Midnight in Paris
This film centres on a screenwriter in the modern day, who longs for the ‘Golden Age’ of the 1920’s. While on a trip to Paris with his fiancee and some friends, he finds himself magically transported back to the 1920’s every night through sheer force of nostalgia. The notion is playful and charming, yet as the story progresses we begin to realise that for the main character, the idealisation of something that was is a futile way of escaping the present.
Midnight in Paris dances around the notion of mindfulness, by turning the spotlight on the importance of being present in one’s life. Wishing for a time that has passed is a fruitless pursuit; you miss all the good moments that present themselves in the now. The film shows the main character’s journey to recognising this. Owen Wilson plays the wistful and doe-eyed screenwriter exceedingly well, and the film strikes a sweetly sentimental note, while throwing in a healthy dose of comedy.
Minimalism: A Documentary on Important Things
Minimalism, the concept of removing unnecessary possessions in order to experience life better, goes hand in hand with the idea of mindfulness, so it should be no surprise that this title made it on the list. Debuting on Netflix in 2016, the documentary made waves among the ‘less-is-more’ community. It delves into the lives of Ryan Nicodemus and Joshua Fields Millburn, two guys who longed to step away from the corporate world and their over-accumulation of possessions, and the wider movement, with more and more people seeking sanctuary from materialism.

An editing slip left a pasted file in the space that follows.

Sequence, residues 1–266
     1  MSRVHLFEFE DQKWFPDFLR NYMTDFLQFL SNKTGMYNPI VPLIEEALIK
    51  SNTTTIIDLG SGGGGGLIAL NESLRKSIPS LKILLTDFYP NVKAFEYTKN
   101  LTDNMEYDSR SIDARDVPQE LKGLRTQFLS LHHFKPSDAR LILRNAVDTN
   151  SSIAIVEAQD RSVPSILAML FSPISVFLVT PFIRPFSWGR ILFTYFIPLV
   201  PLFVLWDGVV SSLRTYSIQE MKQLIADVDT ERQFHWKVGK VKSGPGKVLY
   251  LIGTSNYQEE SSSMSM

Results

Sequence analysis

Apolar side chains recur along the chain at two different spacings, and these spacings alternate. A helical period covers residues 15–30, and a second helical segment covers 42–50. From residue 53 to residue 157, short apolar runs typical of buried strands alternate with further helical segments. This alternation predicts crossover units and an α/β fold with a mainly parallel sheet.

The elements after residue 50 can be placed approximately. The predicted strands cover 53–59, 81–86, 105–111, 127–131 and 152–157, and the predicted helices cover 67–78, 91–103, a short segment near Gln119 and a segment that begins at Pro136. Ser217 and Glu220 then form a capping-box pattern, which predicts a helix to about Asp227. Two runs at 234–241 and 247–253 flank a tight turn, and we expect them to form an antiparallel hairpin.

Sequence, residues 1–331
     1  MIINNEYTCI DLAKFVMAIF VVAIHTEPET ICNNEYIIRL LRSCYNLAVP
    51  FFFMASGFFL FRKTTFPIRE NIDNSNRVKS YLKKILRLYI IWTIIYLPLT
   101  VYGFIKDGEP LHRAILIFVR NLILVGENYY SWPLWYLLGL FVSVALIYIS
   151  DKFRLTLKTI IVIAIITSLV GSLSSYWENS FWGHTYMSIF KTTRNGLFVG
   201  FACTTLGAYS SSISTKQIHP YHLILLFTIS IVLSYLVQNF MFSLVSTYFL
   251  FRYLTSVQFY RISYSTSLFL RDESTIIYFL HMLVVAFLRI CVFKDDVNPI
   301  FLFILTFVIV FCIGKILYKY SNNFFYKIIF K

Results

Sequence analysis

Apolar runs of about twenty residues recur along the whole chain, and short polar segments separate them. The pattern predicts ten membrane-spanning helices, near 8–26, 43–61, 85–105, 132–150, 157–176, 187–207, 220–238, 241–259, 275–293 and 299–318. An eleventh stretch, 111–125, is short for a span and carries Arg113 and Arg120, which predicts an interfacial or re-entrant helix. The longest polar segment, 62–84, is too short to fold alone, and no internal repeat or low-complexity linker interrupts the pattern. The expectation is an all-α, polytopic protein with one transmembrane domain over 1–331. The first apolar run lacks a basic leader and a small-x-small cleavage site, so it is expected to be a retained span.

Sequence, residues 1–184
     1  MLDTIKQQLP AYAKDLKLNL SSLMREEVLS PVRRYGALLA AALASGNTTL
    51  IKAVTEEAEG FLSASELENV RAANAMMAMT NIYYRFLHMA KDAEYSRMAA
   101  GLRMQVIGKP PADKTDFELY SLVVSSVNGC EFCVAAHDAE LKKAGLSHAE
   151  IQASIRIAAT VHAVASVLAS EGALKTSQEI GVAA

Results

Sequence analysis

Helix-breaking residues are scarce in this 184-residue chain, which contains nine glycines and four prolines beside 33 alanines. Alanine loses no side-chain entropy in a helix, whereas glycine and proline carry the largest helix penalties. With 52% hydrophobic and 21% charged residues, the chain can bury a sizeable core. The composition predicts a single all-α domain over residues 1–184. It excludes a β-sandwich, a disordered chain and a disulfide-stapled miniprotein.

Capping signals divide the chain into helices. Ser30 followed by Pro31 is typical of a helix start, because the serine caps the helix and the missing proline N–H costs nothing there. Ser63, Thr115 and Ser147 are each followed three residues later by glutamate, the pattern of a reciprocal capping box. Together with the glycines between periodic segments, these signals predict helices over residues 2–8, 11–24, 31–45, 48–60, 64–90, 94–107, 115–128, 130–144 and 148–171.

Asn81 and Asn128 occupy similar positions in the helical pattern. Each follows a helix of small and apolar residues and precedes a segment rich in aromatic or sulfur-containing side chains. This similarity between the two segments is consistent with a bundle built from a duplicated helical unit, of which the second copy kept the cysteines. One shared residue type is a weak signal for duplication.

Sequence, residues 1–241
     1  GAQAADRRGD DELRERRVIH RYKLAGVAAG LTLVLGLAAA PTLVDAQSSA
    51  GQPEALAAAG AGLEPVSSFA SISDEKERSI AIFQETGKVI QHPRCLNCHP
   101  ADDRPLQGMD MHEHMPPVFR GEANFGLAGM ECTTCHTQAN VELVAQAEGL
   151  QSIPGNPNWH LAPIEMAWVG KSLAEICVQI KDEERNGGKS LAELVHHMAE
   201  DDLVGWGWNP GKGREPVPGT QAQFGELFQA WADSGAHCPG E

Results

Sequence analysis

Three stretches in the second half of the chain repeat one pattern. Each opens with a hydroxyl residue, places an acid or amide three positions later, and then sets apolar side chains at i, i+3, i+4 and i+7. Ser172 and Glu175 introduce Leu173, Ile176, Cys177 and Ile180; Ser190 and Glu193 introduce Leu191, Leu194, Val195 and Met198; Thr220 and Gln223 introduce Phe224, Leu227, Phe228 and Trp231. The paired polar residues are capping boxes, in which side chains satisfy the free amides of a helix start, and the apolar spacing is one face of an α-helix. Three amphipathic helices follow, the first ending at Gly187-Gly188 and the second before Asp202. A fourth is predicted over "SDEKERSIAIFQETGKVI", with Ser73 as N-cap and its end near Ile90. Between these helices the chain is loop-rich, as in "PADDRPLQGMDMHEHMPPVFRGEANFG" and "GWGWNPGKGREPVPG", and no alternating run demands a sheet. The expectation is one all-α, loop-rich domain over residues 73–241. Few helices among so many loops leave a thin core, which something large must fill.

It became immensely popular for its ability to show a unique way of living. Minimalism reinforces how important it is for us to be mindful about the number of possessions that we own, and how they makes us react and feel. It revolves around the concept that if we declutter our lives, we will declutter our minds. A relatively simple notion to comprehend, though difficult for many to carry out. The allure of stripping everything back in order to find out what truly fulfills you, has made this documentary almost a self help guide for those on the path of minimalism.
The Eternal Sunshine of the Spotless Mind
This film centres on a man who is left heartbroken after the love of his life undergoes a procedure that completely wipes him from her memory. He decides to do the same and the story follows him as he begins the operation and looks back on all of his memories of her. The viewer travels through his memories as he reflects upon them, and we get to see his journey and conflicting feelings on going through with the procedure.
It’s a unique presentation of the idea of mindfulness. The film sheds light on how being completely in tune with one’s feelings, memories and thoughts, can bring about startling clarity on what that person truly wants. As we go on the main character’s road to reflection, we see the importance of freeing the mind of judgement and ill thought, making room for acceptance.